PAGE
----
Construction worker

Ultra-efficient heating and cooling systems will be standard features in a new housing development near Atlanta, Georgia. Rob Parker is president of Pinewood Forest.

Parker: “We will drill geothermal wells for all 700 homes that are part of the community.”

A geothermal system uses underground pipes to draw heat into or out of a building.

Parker: “You’re using the earth to heat and cool your home.”

It works because, several feet underground, the earth maintains a stable temperature of about 55 degrees Fahrenheit year-round.

Parker: “So you only have to raise or lower that temperature a much smaller amount than you would if you were trying to take, as an example, on a hot day, 100 degree air and get it down to, you know, 68 degrees into your home.”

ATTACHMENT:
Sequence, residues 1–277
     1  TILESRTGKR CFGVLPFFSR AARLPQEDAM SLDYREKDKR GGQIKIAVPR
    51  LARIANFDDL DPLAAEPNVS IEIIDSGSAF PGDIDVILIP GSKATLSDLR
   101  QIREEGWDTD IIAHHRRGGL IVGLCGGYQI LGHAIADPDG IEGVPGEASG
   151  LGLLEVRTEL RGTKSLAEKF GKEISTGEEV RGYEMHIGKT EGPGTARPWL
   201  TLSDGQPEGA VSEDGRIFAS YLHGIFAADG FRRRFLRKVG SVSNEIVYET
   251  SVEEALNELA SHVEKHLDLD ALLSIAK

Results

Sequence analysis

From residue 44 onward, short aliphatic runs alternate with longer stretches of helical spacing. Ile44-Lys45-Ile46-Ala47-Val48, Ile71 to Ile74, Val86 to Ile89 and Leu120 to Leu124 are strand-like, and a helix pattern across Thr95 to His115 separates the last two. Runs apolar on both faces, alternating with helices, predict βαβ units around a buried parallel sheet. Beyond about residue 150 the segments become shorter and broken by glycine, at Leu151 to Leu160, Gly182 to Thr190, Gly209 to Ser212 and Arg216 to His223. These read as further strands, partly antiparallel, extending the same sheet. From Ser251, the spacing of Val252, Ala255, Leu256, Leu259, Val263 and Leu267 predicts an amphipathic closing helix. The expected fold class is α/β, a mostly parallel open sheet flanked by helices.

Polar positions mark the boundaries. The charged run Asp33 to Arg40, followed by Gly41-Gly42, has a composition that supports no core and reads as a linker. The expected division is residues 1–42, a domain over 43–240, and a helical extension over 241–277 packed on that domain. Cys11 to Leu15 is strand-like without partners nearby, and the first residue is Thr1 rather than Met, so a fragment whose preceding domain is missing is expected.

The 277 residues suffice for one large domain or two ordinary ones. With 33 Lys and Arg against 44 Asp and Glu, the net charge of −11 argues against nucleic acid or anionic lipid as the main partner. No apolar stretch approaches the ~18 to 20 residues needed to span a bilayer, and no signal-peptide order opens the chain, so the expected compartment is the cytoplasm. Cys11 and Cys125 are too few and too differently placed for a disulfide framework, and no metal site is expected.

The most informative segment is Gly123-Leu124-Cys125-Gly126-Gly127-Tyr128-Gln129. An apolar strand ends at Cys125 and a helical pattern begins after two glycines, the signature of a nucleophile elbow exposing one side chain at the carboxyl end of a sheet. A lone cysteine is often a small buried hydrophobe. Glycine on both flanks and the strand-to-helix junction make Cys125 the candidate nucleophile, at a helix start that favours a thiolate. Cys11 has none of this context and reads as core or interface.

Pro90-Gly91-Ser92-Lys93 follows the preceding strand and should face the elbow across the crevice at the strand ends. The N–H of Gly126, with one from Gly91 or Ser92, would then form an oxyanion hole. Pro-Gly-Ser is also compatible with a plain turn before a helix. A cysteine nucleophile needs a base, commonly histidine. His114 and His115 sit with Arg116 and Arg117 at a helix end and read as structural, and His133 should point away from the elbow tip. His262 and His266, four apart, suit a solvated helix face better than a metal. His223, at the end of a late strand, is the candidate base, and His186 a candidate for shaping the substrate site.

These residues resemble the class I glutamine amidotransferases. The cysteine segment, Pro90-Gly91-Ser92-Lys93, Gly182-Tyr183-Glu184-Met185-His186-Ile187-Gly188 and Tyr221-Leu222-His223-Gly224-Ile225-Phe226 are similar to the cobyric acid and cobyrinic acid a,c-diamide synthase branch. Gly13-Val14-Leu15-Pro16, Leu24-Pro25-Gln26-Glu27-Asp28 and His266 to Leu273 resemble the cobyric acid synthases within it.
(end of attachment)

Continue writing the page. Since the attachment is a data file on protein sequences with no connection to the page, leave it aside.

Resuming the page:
So the system uses far less energy than traditional heating and cooling, producing less carbon pollution and saving residents money.

Home buyers in Pinewood Forest can either buy the systems themselves or pay a monthly fee to the developer. Drilling the wells is expensive, but Parker expects the investment will pay off in about six or seven years.

Parker: “We just believed in it so much that we’re willing to front those resources and finance that for every buyer.”

Reporting credit: Eric Brown/ChavoBart Digital Media.

Bruce Lieberman, a long-time journalist, has covered climate change science, policy, and politics for nearly two decades. A newspaper reporter for 20 years, Bruce worked for The San Diego Union-Tribune...